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30.03.2009 Education

Gov't will withdraw accreditation of poor performing private schools

By Daily Graphic
Gov't will withdraw accreditation of poor performing private schools
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The government will not hesitate withdraw the accreditation of any private tertiary institution in the country found to be operating below the required standards, the vice-President, Mr John Dramani Mahama, has stated.

He noted that this was in line with the government's determination not to compromise on the quality of education, which was the secret behind the development of any nation.

"It is the people that make up the country. That is why we have to concentrate on eradicating illiteracy and providing opportunities for all our people to be educated," he said.

The Vice-President was speaking at the second graduation and fourth matriculation ceremony of the Regent University College of Science and Technology held in Accra at the weekend.

Mr Mahama, however, gave the assurance that the government would continue to collaborate with the private sector in the provision of quality education to eradicate illiteracy because it believed that public institutions of higher education alone could not provide the human resource needs of the country.

He urged all private tertiary institutions in the country to inject into their graduates an entrepreneurial spirit to enable them to set up their own businesses to create employment for others instead of seeing themselves as only fit to be employees.

In all, over 230 students graduated from the university whilst over 500 students were admitted to different programmes, including Bachelor Degree programmes in Accounting and Information Systems, Economics with Computing, Management with Computing, Computer Science and Computing with Education.

The President and Chief Executive of the university, Professor E. Kingsley Kwabena Larbi, paid tribute to all teachers, stating that education was the greatest investment any country could make.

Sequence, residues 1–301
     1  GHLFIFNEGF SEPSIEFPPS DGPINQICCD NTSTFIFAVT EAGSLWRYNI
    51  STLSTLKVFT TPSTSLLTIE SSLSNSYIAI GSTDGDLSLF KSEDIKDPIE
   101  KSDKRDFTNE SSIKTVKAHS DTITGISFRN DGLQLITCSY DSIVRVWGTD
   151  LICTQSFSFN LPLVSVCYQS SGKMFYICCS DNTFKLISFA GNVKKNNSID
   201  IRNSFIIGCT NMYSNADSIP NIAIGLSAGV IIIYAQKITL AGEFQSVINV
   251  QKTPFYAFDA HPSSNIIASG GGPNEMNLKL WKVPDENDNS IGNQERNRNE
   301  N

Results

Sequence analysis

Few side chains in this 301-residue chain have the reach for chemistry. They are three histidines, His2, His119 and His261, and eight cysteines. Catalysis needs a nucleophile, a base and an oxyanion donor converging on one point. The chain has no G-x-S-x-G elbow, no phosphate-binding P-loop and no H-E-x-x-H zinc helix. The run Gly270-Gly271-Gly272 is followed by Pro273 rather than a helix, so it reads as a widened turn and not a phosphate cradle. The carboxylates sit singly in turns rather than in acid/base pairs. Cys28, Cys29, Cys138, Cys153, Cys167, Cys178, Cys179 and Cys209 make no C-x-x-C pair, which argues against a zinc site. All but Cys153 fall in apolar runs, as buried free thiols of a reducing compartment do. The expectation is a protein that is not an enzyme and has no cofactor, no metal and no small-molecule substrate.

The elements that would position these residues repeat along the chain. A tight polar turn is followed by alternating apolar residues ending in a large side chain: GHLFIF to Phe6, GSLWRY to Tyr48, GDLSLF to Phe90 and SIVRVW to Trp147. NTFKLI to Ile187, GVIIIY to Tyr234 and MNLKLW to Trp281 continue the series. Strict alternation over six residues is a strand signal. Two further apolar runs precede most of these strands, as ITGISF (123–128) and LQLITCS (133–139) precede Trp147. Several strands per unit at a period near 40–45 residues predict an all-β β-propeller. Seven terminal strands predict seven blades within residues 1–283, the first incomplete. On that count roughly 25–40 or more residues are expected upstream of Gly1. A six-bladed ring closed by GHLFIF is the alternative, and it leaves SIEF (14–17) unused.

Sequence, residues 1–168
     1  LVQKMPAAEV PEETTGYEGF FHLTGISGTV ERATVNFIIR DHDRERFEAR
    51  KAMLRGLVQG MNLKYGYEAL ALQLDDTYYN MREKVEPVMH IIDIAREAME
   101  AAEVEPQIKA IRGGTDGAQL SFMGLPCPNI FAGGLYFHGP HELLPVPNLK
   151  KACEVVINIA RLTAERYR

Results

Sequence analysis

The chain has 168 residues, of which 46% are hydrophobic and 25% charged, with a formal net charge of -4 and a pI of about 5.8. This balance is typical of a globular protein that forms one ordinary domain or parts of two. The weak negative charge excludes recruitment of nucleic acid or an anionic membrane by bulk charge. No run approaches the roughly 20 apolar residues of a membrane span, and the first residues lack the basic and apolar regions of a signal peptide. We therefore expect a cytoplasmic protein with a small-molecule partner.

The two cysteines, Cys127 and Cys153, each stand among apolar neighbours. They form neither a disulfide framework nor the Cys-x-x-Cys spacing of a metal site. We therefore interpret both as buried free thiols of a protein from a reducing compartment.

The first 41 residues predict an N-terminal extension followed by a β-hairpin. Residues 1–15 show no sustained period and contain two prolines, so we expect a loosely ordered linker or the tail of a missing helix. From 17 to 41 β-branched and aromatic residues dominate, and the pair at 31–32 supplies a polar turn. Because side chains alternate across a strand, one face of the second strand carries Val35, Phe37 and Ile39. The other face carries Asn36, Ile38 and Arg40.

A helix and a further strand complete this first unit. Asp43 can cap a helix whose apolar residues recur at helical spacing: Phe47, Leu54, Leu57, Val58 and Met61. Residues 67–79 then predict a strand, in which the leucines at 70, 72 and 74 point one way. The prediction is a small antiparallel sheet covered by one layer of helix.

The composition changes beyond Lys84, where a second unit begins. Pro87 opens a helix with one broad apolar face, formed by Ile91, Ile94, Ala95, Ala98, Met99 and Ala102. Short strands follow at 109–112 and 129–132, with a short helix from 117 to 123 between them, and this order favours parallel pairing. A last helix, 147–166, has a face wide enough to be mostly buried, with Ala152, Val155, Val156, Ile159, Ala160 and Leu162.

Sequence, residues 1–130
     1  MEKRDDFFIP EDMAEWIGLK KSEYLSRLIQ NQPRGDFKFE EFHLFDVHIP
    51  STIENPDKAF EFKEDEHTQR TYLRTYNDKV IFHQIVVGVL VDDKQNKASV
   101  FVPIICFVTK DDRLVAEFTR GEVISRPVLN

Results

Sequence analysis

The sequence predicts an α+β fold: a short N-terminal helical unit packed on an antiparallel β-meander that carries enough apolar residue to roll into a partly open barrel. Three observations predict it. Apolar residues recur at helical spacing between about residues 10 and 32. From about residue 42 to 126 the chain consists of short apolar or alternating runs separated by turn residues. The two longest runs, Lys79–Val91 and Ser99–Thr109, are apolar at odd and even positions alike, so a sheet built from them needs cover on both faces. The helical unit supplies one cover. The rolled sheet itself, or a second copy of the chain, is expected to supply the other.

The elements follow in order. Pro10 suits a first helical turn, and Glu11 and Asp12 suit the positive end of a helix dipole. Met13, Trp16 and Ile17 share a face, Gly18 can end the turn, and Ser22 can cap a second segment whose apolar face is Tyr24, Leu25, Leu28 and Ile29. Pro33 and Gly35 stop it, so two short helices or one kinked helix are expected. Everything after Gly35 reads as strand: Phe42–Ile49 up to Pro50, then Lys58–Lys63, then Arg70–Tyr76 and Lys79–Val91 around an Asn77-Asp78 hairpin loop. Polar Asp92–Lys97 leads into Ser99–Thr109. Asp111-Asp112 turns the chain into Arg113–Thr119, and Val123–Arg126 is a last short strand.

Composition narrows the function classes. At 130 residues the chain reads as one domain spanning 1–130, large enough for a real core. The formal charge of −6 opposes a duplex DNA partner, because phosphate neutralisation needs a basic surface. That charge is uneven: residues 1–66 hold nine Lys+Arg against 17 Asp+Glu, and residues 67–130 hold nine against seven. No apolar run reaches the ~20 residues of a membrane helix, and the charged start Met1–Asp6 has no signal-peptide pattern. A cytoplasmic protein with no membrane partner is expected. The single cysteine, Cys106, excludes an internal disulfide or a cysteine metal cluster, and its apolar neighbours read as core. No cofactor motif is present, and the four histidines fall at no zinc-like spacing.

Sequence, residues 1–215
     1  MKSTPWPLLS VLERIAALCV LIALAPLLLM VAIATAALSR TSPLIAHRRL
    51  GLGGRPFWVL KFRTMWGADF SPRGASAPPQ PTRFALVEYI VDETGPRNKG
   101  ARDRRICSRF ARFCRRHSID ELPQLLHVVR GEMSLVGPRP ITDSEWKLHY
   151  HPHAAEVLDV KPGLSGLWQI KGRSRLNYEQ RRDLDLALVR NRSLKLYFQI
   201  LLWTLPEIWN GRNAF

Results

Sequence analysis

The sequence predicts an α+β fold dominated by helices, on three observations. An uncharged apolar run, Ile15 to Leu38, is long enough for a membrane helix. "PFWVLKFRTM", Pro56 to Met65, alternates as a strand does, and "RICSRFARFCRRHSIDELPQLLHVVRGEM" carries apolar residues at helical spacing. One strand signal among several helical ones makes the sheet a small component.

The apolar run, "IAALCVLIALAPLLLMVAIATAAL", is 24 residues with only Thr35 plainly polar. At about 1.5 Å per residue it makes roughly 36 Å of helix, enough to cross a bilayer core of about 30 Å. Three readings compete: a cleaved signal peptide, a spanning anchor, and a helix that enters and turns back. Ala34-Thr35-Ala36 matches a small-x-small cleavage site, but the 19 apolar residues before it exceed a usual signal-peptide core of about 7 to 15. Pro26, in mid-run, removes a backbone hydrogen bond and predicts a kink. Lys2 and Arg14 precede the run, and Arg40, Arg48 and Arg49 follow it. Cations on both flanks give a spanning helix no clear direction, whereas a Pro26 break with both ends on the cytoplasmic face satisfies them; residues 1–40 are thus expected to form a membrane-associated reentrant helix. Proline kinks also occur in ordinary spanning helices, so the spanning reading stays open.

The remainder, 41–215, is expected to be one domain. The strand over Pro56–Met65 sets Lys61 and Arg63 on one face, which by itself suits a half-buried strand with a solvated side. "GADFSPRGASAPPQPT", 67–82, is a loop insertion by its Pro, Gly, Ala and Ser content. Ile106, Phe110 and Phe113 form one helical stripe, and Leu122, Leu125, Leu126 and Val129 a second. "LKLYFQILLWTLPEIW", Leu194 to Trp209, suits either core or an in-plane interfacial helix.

He gave the assurance that the university would work in collaboration with the central government to eradicate illiteracy in situations where students at the lower and tertiary levels could not afford their tuition fees.

Prof. Larbi expressed the belief that democracy could only be entrenched if the majority of the population was educated in order to make informed decisions as to who governs them.'

He noted that a major challenge facing the country in the 21st Century was the widening gap between the poor and the rich, which resulted from the lack of adequate education in the rural areas.

To help salvage the situation, Prof. Larbi announced that the Regent University had taken steps to support some children from indigent families in junior and senior high schools in the Eastern Region and intended to extend the support to cover students from other regions.

Additionally, he said, the university had established the Regent-Ghana Jubilee Scholarship Fund to support needy students, as well as students with great leadership potential in areas consistent with the vision of the university.

Degrees were conferred on graduates from the School of Informatics and Engineering, and the School of Arts and Social Sciences.

In the awards categories, Master Francis Agbewali was adjudged the overall best student in academics and for best character, as well as the best student in the School of Arts and Social Sciences.

The award for best student in the School of Informatics & Engineering went to Master Emmanuel Asimani whilst the Best Computer Science Student was awarded to Ms Diana Ademola.

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